Scientific article
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Temporality, Sequential Iconography and Linearity of Figures: the Impact of the Discovery of Division in Infusoria

ContributorsRatcliff, Marc
Published inHistory and philosophy of the life sciences, vol. 21, no. 3, p. 255-292
Publication date1999

The paper analyzes the impact of the discovery of the division of infusoria on eighteenth-century microscopic iconography. In the fall of 1765, while reproducing the anti-spontaneist experiments of Lazzaro Spallanzani, Horace-Bénédict de Saussure (1740-1799) discovered a new method of producing infusoria animalcules, namely their division, later reinterpreted as mitosis. Drawing a dividing animalcule posed particular problems, especially the question of how to represent the temporal sequence of a microscopic creature. Although Saussure's notebook of microscopic experiments remained unpublished, the discovery soon spread and was recognized by European naturalists, who began to repeat the observations and quickly encountered iconographic problems similar to those experienced by Saussure. In fact, the linearity used to represent time is a construction, and especially for public images, scientists had to contend with the conventions of draftsmen and engravers. The analysis of the microscopic iconographic material of the period 1740-1786 shows that during this period certain naturalists invented new solutions for the representation of time, but the diffusion of their innovations was not immediate. Nevertheless, the use of linearity in the illustration of microscopic creatures was established between 1765 and 1776 as a solution that allowed the public to read an iconographic temporal process as a text.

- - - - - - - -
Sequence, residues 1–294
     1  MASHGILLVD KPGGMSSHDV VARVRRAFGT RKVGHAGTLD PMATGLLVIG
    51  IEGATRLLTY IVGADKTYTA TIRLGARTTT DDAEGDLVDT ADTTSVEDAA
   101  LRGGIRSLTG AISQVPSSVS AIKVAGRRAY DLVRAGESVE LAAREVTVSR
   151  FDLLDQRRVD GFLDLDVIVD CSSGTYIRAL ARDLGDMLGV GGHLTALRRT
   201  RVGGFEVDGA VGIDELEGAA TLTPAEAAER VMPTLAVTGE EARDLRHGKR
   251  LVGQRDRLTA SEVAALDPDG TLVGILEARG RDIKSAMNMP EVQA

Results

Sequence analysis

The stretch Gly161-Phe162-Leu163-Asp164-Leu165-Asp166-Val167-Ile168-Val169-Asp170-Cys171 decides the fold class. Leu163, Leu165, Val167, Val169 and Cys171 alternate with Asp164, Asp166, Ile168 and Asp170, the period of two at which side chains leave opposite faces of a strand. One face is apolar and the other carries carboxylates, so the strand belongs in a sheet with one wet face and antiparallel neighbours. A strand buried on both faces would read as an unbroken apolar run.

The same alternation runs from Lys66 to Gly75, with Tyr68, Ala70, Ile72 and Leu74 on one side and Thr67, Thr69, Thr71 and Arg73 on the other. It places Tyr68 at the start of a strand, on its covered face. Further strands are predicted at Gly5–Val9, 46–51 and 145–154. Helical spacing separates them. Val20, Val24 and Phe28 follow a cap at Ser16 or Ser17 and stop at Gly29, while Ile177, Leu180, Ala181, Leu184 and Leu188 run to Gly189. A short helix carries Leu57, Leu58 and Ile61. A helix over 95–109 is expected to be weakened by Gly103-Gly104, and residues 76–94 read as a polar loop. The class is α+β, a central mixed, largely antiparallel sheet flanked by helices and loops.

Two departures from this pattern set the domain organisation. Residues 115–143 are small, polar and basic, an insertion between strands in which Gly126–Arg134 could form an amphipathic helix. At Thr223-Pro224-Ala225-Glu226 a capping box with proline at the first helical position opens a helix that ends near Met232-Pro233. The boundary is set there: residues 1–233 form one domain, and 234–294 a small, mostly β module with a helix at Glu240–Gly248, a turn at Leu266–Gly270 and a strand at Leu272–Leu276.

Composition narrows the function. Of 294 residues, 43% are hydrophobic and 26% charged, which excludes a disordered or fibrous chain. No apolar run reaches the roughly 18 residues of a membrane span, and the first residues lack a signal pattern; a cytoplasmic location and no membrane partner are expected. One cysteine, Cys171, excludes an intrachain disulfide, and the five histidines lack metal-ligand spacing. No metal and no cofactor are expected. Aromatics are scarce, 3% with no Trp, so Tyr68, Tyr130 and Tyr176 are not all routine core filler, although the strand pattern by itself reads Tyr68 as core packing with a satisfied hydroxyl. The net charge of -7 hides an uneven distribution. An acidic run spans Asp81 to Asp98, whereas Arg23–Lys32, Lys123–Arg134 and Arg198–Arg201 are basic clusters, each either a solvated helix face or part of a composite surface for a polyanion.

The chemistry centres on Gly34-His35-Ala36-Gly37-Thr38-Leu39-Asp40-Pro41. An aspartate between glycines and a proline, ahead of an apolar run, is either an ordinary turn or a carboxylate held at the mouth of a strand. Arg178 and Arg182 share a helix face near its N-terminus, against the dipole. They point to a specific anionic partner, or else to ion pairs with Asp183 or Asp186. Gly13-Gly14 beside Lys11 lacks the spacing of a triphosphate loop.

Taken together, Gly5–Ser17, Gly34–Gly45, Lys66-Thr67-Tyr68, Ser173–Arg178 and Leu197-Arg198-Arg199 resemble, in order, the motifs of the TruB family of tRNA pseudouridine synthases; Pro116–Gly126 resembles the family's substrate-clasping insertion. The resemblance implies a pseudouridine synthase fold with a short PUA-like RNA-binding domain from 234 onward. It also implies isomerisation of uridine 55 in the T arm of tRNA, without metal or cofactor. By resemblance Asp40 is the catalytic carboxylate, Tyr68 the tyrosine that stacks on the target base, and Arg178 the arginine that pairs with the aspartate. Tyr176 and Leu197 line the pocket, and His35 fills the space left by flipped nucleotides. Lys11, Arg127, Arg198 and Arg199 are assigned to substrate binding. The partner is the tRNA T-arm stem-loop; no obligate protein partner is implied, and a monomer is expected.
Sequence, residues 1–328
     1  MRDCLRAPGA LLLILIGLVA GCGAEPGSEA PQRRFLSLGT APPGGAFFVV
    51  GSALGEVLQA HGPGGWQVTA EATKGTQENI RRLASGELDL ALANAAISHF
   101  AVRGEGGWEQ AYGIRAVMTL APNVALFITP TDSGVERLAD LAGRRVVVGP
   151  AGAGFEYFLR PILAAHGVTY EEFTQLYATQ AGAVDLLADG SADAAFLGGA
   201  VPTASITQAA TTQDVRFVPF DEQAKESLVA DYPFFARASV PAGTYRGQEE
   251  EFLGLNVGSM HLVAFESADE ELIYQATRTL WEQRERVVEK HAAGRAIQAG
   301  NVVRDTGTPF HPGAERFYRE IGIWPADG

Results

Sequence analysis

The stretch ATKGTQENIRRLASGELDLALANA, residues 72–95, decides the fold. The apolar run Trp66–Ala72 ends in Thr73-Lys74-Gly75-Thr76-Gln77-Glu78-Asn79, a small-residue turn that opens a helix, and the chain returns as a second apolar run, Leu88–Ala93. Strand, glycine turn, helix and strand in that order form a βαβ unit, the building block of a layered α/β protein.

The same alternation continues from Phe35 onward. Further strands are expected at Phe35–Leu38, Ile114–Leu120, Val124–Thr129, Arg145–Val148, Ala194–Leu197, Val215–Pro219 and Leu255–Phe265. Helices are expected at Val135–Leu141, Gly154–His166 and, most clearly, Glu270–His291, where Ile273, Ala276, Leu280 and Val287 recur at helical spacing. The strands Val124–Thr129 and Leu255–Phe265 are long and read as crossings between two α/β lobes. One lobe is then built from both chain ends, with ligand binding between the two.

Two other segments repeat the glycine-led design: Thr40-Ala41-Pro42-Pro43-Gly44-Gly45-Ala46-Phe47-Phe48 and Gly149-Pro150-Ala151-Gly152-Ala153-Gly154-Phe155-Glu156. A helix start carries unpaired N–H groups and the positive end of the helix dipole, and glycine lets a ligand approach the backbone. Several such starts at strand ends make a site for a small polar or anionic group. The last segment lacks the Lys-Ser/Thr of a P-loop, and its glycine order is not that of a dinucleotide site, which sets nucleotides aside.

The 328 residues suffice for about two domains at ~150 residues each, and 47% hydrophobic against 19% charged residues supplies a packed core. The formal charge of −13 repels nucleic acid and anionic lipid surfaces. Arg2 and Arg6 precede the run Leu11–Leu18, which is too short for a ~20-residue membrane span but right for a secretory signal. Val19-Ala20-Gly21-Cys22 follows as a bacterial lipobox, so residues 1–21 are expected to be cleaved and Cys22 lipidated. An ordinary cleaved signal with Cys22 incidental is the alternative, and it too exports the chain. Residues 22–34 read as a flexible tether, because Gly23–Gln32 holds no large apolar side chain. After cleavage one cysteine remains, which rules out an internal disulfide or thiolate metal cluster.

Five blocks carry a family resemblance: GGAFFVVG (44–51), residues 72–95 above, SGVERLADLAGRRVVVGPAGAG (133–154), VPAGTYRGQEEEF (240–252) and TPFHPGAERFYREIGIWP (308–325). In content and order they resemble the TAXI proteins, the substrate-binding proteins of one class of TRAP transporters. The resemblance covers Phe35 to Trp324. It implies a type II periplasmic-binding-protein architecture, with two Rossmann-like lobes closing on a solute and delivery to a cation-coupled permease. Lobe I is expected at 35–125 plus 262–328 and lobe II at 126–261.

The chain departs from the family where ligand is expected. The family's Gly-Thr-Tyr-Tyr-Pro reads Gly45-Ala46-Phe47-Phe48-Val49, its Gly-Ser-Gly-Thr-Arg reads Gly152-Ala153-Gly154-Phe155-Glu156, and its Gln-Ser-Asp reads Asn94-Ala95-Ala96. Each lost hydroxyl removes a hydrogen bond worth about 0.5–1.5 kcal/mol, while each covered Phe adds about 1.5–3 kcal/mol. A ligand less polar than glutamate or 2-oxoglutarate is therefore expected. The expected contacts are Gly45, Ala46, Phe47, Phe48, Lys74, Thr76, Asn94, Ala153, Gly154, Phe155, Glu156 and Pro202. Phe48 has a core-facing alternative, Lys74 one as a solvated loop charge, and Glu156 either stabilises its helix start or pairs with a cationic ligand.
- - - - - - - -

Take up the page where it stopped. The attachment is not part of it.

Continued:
• History of cognition
  • History of microscopy
  • Visual studies
  • Horace-Bénédict de Saussure
  • Infusoria
  • Temporal iconography
  • Linearity of time sequence
  • Mitosis
  • Biology notebooks
Citation (ISO format)
RATCLIFF, Marc. Temporality, Sequential Iconography and Linearity of Figures: the Impact of the Discovery of Division in Infusoria. In: History and philosophy of the life sciences, 1999, vol. 21, n° 3, p. 255–292.
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Article (Published version)
  • PID : unige:175296
ISSN of the journal0391-9714

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